Scholarship Class: 1989
High School: Martin Luther King Jr. High School, Detroit, Mich.
At her mother's insistence, Monice Mitchell Simms enrolled in a high school honors program for students with a high aptitude for math, science and applied technology. But Simms had the heart of a storyteller. Winning the Rosa Parks Scholarship enabled her to follow her passion.
When Simms graduated from Detroit's Martin Luther King Jr. High School in 1989, the first scholarship she received was from the Rosa Parks Scholarship Foundation. She said winning the Rosa Parks award gave her the confidence to apply for other scholarships. In the end, she covered the complete cost of her college education - including books - with scholarships.
"The Rosa Parks scholarship opened the door for me to pursue other scholarships," said Simms, 46. "What's brilliant about the Rosa Parks scholarship is that it doesn't put any boundaries on how you can use it. I like the freedom it gave me to pursue whatever field I wanted to and to decide my own path."
Simms said the scholarship was especially sweet because four years later, her younger sister, Jenice, would also receive a Rosa Parks scholarship. Twenty-five years later, in 2018, Jenice Mitchell Ford served as keynote speaker at the Rosa Parks Scholarship Foundation annual luncheon, where she was named the foundation's alumnus of the year.
"She was there when I received my scholarship," Simms said, recalling her sister's attendance at the scholarship luncheon when she was honored in 1989. "She saw me do it. I was happy to see her get the same award."
Simms leveraged the education she received through newspaper internships and as an undergraduate student in Wayne State University's Journalism Institute for Minorities (now called the Journalism Institute for Media Diversity) to learn how to gather and tell stories. As an intern at the Cleveland Plain Dealer, she volunteered to launch a writers' workshop for incarcerated women. Through the program, she taught women - ages 18 through 60 - how to write in exchange for access to the women's life stories, which she knew she would one day use in a creative pursuit.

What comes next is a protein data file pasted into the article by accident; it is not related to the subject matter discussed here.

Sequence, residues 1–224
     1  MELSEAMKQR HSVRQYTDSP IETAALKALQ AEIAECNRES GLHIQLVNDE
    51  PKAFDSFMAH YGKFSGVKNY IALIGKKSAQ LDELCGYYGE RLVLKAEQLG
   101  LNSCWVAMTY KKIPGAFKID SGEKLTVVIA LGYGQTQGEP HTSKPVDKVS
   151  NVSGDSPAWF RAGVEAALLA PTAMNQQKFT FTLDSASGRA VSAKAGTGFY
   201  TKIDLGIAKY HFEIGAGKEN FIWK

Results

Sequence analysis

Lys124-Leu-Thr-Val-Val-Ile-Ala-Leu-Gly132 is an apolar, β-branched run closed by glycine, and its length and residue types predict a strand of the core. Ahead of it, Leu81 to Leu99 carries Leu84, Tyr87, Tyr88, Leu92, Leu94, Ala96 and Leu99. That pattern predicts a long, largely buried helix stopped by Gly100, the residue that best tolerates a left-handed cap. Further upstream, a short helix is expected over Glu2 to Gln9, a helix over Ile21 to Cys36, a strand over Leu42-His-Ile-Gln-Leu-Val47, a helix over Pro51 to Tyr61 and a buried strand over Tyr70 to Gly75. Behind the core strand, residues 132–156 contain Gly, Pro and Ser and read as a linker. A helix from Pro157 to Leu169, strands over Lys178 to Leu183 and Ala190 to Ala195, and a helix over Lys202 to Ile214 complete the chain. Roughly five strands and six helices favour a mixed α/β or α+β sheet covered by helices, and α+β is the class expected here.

After earning her bachelor's degree, Simms pursued a graduate degree at Columbia College in Chicago. Using the stories of the Cleveland women as a foundation, she created "Carmin's Choice," a film that earned her a $30,000 grant from the Showtime cable network. The Showtime grant allowed Simms to make a second film, "Rain," a story about a couple facing the end of the world. "Rain" was filmed in Detroit in 1999.
Simms said she is very proud of the way her film opened doors in the film industry for regular people in her hometown.
"Someone we knew was a real estate agent, so we made them our location manager. We put hairdressers we knew in our hair and makeup department. There were a lot of people who got their first film credit on my movie and later when Gov. Granholm brought film incentives to Michigan, they were able to work in the film industry because they had experience," said Simms, whose film aired on Showtime several times in 2000 and 2001.
After earning a master's degree in 1997, Simms moved to Los Angeles. In addition to her film work, she has had a stint working for journalist Tavis Smiley's production company and has published two books: a novel, "House of Corrections" in 2010 and a children's book, "Nana's Fridge" in 2014. She and her husband of 14 years, Ryeal, live in Pasadena, where she is busy with a slew of independent film and new media projects. Simms hints that a future project may bring her back to Detroit.